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Michael: Welcome back to the show. We're going to be talking about ColdFusion practical digital accessibility with Bouton Jones. I think I just made a meal of your name there. Not the Jones.
Michael: Bouton, yes. I practiced it three times before we hit record, but still much screwed up.
Bouton: [Crosstalk] [00:18] variation.
Michael: Well that's good. So we're going to be looking at what accessibility actually means, and a lot of those things you may not have thought of before. And also, we're going to look at how this presentation you're giving at C.F. Summit on practical digital accessibility is different from other accessibility talks people may have seen before. And there’s some interesting stuff there I just been talking with you about it, and there’s some stuff I've already learned that I gave a talk of topic 15 years ago. So just goes to show you can always learn new stuff. And we'll look at why it's so important and what you can do to make your ColdFusion apps even more accessible, and some of those are things you definitely have not thought of. So, stay tuned, and welcome Bouton.
Bouton: Thank you, thank you.
Michael: So just help us understand what exactly is accessibility?
Bouton: Well I think of accessibility as a component of usability. But it's specific to those of us who have disabilities. We need extra help accessing what the rest of us take for granted. I myself, I think a fact that I wear a pair of glasses, in a way, it shows that I have disability. But I take it for granted that I have this wonderful technology around my face. And so, I don't need extra technology to take care of that.
Michael: That is a good way to look at it. I bet a lot of people listening have some kind of assistive technology or some kind of disability. What other disabilities do people have that we should be paying attention to?
Bouton: Well, I think the most common that we think of is blind users, people who can't hear. But there's also people who have English as a second language. That’s just a disability or a disadvantage. People on the autism spectrum. People who are dyslexic. And [crosstalk]
Michael: I’ll raise my hand on the dyslexic one. I had that for many years. I use spell checkers all the time.
Bouton: I cannot survive without spell checkers. Spell checkers have made me man I am today. It's prevented me from standing behind the McDonald's counter asking people if they want fries with that.
Bouton: So I love spell checkers. I owe so much…
Michael: And then what other disabilities maybe people are less aware of?
Bouton: Well, one that people often don't think of is manual dexterity. Not everyone can use a mouse. Some people must use something else; the tab key for instance. But I think if someone like [crosstalk] [03:42]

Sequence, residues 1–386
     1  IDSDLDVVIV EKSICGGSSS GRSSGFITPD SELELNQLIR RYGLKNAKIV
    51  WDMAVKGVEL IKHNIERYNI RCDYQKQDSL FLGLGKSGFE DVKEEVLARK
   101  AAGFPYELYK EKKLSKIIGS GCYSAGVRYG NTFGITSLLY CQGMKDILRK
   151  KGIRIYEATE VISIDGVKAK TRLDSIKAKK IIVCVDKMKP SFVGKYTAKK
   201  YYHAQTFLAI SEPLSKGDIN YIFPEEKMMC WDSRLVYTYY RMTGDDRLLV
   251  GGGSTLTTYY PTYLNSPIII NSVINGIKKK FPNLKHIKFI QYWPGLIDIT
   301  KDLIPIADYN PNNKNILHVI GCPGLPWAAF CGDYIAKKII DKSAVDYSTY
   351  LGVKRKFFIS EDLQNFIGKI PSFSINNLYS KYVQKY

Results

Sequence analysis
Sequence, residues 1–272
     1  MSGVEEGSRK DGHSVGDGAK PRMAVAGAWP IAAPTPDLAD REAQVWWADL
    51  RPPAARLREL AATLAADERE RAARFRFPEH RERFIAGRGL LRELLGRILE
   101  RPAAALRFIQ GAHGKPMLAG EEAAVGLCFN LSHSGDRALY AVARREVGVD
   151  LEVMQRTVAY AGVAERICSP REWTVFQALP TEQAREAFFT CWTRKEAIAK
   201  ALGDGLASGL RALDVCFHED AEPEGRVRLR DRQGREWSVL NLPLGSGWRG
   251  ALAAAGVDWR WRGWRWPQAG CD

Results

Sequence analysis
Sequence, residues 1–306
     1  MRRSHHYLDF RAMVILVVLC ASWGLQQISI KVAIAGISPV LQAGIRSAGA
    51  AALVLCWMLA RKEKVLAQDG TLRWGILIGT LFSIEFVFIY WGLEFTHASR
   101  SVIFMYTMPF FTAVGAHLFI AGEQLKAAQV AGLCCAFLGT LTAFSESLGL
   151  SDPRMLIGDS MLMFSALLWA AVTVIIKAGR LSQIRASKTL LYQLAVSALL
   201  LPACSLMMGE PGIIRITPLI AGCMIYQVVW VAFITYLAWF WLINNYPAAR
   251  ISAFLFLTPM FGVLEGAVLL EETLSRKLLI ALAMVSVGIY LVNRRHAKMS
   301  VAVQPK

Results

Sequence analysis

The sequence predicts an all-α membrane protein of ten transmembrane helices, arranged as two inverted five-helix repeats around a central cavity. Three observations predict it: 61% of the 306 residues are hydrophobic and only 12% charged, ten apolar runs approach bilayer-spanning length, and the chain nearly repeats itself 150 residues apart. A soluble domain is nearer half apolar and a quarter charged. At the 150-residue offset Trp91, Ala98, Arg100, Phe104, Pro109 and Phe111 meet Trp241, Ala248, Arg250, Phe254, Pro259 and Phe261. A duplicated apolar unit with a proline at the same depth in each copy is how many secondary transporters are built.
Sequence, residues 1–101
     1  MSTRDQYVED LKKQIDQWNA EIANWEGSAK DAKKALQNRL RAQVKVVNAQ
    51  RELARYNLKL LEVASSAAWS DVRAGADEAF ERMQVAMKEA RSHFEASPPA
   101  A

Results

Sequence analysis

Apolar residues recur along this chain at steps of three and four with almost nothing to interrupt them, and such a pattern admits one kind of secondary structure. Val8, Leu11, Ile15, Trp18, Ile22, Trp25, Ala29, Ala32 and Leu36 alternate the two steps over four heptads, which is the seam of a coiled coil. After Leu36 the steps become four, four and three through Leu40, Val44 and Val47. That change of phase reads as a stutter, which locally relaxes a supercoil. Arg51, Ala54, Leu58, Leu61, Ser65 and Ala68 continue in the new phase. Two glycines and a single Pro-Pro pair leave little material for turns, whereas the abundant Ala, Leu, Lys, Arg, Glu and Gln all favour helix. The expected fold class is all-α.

Michael: And if… Yes someone like Stephen Hall can’t use a mouse, and anyone who's blind can’t use a mouse. So, a lot of people can use mice.
Bouton: So it's very important for one thing that your website can be navigated and forms can be filled out without the use of a mouse.
Michael: And then, there’s some other ones; color blind. My father is color blind. So if you… That means you might have two colors, but to a normal person, they can tell a difference. But they look the same to them.
Bouton: Or even sometimes, someone wants a color scheme, color palette for the website and which the background color and the foreground color are very much similar. I was watching a slide show months ago in a session at a conference. And from the back of the room, it would take me several seconds in order to read, figure out what the title of the slide was.
Michael: Wow! And one other thing I like to be aware of is some people have epilepsy, and if there's a lot of flashing and stuff going on and your app. Hopefully, people aren't using that flash tag anymore.
Bouton: The blink tag.
Michael: Blink, yes thank you don't you use [crosstalk]
Bouton: In an early draft of my presentation, I wrote do not use the blink tag. And then in parentheses I wrote, “Does anyone still use the blink tag?”
Michael: I hope not. They might have flashy graphics going on possibly. So, I know you've really gone into this accessibility thing. I looked at the… I had a sneak peek at the slides you going to be revealing in your talk, and you've got really a lot of research done into this work. What led you to get interested in accessibility?
Bouton: Well I've been interested in it for years. For a long time, I thought I was very good at accessibility. It was one of those skills that I prided myself in. It seemed that every job interview and I was a contractor for ten years. So, I and numerous job interviews. And seemed like every job interview I would be asked about accessibility and I would give a very nice pat answer that seemed to satisfy my potential employers, and my employers. But it was something that was rarely ever followed through on. It was never really part of a quality assurance review. I was never… I was hoping that my accessibility was so good that there is no reason to criticize it.